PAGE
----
Four days ago, the Dow Jones Industrial Average dropped 2,353 — which was, at that point, the worst single-day point drop in history. That record did not last long.
On Monday, the Dow fell nearly 2,997.10 points, breaking the grim record the markets set just a few days earlier.
In fairness, a partial explanation for why these two massive drops occurred so close together is that the Dow’s overall price — it closed at 20,188.52 on Monday — is high by historical standards. But Monday’s nearly 3,000-point disaster for stocks still cost the Dow nearly 13 percent of its overall value.
That’s the worst trading day in percentage terms since the “Black Monday” crash of 1987, when the Dow got a 22 percent haircut.
Until recently, the markets appeared to be strong — the Dow flirted with the 30,000-point threshold as recently as late February. But fears of the coronavirus pandemic and its impact on the global economy have sparked panic both in US markets and abroad.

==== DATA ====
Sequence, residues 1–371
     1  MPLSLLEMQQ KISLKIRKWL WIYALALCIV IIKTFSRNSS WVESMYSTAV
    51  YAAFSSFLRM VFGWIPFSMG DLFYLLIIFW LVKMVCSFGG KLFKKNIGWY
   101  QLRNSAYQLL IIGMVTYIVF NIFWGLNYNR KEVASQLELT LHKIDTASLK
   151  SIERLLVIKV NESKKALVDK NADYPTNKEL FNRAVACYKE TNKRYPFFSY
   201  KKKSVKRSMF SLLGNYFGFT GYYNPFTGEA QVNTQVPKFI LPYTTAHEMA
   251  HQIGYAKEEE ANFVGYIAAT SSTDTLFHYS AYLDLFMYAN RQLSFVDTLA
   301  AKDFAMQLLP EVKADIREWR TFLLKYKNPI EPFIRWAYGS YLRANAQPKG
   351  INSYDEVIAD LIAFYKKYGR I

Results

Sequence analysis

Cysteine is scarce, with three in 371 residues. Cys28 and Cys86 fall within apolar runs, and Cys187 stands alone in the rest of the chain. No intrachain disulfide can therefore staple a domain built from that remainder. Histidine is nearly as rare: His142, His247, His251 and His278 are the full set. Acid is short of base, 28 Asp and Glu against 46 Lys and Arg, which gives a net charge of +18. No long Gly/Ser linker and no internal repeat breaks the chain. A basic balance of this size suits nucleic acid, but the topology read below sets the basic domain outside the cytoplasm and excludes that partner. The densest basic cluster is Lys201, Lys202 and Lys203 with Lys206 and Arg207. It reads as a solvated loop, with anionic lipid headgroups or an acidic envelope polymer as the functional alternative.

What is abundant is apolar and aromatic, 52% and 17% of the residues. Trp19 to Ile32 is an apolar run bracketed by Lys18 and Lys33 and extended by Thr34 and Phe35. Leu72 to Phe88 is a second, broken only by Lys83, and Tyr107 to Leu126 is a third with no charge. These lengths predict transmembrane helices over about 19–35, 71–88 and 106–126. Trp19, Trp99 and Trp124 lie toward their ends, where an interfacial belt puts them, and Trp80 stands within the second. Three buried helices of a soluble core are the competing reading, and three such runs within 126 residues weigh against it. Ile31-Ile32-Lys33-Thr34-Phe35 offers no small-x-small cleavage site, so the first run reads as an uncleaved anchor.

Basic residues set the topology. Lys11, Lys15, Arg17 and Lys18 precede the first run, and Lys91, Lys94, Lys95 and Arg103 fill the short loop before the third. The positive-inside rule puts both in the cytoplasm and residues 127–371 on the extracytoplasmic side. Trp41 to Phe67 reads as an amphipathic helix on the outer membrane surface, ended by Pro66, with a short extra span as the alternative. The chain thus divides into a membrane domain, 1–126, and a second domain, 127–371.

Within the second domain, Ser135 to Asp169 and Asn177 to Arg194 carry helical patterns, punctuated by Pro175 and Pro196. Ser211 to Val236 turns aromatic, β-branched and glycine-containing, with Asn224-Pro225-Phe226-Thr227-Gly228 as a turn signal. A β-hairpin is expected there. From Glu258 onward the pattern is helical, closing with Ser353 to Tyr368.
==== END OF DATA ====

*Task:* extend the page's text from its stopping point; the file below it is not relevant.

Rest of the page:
Nor is there any reason to suspect that things will get markedly better before they get worse, as the Trump administration’s response to the coronavirus pandemic has largely been incompetent.
The administration dismantled much of the federal government’s permanent infrastructure to deal with a global pandemic. And it’s rolled out testing for the disease more slowly than our peer nations. These failures are likely to exacerbate the economic effects of the virus.
Thus, while it should be noted that the markets are often a poor indicator of the nation’s overall economic health, there is good reason to expect that the United States — and the world as a whole — is entering a sharp economic downturn that will soon be felt far beyond the stock market.